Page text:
K and I rush M out of the flat this morning at 11 am so that we can go to a jewellery exhibition before lunch. Poor M opts for more sleep rather than breakfast, but manages to squeeze in a pudding at lunchtime (lemon posset, if anybody is interested).
Our next show, Coalition is political satire, set in 2014 as the next General Election looms on the horizon, and the Lib Dems tear themselves apart under the strain of broken electoral promises. The Tories see less and less need to placate their coalition partners, and for every small concession exact a large step backwards from their 2010 election manifesto. The hapless leader of the Lib Dems, Matt Cooper, has just agreed to support a programme of building nuclear power stations. The energy secretary resigns and the Lib Dems are left trying to find a candidate to fight the ensuing by-election. Clegg is savvier than the hapless Cooper, and the Tories less Machiavellian than they are portrayed here (no, really!), but there are enough uncomfortable truths in the production to make us feel…uncomfortable. Indeed, a couple of people stalk out of the performance, declaring that they are Lib Dems and won’t stand for this rubbish. What did they expect, we wonder? Phill Jupitus is a wonderfully oleaginous Tory fixer, and Jo Caulfield convincing as the cynical, world-weary Lib Dem chief whip. Amidst the wreckage Cooper is left muttering his mantra: “Gladstone, Lloyd George, Attlee, Grimond, Cooper”. “Never mind,” says Macintosh, the Tory pm who finally finds a space in his diary to see Cooper. “You’ll end up with a seat in the Lords.”
Then it’s back to the Museum to see an exhibition on Catherine the Great. The desk downstairs is labelled “information and tickets”. Despite this, when we finally manage to speak to one of the underemployed staff manning the desk, they refuse to sell us tickets. “Oh, no, you want the third floor”.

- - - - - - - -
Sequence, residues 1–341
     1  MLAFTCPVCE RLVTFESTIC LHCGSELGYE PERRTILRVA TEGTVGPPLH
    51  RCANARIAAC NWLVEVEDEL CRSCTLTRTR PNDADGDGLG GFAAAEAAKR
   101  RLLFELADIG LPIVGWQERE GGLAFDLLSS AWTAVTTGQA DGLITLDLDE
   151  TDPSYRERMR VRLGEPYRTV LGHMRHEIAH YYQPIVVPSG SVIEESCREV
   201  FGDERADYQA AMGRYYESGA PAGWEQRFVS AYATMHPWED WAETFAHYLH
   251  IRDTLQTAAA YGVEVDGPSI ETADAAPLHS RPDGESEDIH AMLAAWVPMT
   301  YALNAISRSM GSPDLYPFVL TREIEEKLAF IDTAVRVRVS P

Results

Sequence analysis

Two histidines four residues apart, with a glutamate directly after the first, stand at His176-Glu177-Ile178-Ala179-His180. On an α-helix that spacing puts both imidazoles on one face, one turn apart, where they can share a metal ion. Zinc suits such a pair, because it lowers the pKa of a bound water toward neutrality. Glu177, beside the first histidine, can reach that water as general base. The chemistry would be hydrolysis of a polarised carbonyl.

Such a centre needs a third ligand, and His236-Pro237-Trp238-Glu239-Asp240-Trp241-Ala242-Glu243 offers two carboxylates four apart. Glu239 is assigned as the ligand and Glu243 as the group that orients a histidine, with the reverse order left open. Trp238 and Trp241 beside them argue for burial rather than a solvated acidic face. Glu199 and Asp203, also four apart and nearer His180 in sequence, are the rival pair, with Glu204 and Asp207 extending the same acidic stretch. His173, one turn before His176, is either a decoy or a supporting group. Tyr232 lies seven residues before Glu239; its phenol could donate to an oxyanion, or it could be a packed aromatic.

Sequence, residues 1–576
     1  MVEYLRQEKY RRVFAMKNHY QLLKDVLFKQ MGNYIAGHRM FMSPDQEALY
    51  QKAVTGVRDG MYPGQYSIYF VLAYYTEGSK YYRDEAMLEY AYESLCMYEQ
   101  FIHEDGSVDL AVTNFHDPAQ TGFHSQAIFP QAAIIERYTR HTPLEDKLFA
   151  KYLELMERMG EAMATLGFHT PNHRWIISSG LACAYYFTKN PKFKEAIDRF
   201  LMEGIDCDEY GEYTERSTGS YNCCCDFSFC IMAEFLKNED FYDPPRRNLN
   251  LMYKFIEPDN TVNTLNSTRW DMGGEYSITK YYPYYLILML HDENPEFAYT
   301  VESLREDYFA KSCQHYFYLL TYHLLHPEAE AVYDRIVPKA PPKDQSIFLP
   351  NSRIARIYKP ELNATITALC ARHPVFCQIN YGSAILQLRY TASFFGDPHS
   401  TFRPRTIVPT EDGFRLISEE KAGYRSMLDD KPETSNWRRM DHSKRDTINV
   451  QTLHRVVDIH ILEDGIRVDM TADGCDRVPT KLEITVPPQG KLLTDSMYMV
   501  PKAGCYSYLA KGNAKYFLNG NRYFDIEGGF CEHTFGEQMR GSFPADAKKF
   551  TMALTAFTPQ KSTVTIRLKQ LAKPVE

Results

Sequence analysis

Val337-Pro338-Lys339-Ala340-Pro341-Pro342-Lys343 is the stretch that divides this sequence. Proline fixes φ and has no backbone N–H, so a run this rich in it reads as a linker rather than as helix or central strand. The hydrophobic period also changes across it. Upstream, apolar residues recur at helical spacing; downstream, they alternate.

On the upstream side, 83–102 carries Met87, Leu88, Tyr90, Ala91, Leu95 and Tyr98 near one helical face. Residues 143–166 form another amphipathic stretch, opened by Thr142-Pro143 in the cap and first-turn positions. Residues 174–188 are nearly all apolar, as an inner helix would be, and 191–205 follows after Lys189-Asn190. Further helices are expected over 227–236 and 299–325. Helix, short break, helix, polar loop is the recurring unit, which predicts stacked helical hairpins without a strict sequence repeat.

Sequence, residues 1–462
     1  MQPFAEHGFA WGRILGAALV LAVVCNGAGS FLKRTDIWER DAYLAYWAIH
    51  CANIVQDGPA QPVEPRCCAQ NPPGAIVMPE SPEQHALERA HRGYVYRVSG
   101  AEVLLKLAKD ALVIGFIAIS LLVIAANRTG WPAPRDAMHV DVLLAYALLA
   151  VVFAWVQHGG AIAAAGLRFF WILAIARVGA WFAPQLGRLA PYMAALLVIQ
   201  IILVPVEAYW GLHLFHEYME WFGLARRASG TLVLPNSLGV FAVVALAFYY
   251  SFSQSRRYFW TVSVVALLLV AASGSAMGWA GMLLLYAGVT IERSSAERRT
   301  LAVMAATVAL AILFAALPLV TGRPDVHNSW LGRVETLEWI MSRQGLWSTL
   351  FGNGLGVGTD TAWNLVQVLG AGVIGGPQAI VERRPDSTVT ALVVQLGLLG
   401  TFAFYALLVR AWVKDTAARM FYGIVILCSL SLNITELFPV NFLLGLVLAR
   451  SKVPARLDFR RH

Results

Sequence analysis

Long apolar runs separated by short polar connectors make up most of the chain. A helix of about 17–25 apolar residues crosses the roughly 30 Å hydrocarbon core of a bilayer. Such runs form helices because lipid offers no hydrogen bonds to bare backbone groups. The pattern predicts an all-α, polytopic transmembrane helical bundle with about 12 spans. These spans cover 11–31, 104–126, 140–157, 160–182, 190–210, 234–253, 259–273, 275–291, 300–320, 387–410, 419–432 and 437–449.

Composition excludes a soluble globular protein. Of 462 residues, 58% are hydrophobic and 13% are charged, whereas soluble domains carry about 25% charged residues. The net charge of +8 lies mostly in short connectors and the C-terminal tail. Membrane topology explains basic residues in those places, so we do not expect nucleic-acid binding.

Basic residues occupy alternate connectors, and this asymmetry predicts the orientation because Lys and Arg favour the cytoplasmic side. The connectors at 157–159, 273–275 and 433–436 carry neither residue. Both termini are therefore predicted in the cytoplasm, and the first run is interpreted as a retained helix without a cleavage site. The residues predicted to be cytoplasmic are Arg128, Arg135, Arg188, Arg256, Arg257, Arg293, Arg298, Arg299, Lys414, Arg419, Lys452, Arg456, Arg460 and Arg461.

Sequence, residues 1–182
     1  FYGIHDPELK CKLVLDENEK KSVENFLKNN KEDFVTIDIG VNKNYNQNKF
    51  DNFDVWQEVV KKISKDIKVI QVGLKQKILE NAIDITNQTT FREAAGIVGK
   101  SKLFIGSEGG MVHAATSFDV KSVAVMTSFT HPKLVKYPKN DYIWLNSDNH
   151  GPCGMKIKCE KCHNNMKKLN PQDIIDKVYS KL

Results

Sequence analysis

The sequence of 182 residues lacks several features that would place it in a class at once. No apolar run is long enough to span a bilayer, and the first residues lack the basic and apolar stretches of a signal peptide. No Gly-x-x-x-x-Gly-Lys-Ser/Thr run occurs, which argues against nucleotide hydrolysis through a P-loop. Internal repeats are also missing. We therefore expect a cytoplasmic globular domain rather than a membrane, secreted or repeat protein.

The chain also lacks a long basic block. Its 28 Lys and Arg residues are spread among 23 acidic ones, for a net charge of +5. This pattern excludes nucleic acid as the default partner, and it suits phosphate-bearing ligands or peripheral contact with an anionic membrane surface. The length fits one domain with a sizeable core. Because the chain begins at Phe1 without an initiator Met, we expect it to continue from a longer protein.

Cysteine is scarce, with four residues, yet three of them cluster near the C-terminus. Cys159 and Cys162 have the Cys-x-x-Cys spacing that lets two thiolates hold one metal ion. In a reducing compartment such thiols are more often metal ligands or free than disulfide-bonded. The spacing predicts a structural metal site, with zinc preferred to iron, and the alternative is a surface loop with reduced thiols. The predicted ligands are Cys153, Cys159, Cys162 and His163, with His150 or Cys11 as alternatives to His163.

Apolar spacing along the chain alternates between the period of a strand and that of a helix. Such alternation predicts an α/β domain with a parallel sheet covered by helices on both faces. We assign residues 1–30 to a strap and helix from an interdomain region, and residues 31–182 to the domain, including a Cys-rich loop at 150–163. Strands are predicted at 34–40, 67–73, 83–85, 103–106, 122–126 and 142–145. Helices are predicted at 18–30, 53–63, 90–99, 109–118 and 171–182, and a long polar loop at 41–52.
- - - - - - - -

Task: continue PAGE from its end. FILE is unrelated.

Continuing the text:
After several minutes of waiting one of the new shiny lifts arrives. There is indeed a ticket desk on the third floor, manned by two staff. One of them is explaining something in great detail to a pair of tourists. The other one is standing around aimlessly. We try to buy tickets from him. “Oh no, you need to speak to Nicole.” (She is the occupied one). Several minutes later, Nicole is finally free. By now we have exactly an hour to see the exhibition. “Sorry you had to wait,” says Nicole cheerfully. She gives us a discount on the grounds of shortness of time. This is a somewhat bizarre business model, but what the hell.
The exhibition is odd but informative. We learn all sorts of interesting things about Catherine the Great. The first is that she was not Russian, but German. The second is that her name was in fact Sophie. The third is that she seized power after her husband’s aunt, the Empress Elizabeth, died and she probably did away with her husband, the emperor Peter III. We spend some time wondering why her monogram was the letter E rather than C. “Is it Cyrillic?” wonders Michael. He is very nearly right, as a little later it is revealed that the Russian form of Catherine is of course Ekaterina. The objects in the exhibition are rather less interesting than the history, being comprised mostly of various sets of china, clothes and furniture from the royal palaces. Catherine was a serious collector of art, (as opposed to the china, which I think she mostly accumulated) but this is only really demonstrated by a film about her palaces, oh, and some actual Roman stuff, displayed in the last room.
After this we meet up with A and J to go for a curry, before our final show of the day, Quantum Battlestar Deep-Space Voyager Tardis Wars. With a title like that you would be justified in expecting an Ian Sorenson-style production, and you would be more or less right, although it is more professionally done (probably due to additional rehearsal time). I was going to say it had better special effects, but I don’t think that was in fact true. I think everyone enjoyed it, but I was mostly asleep by then.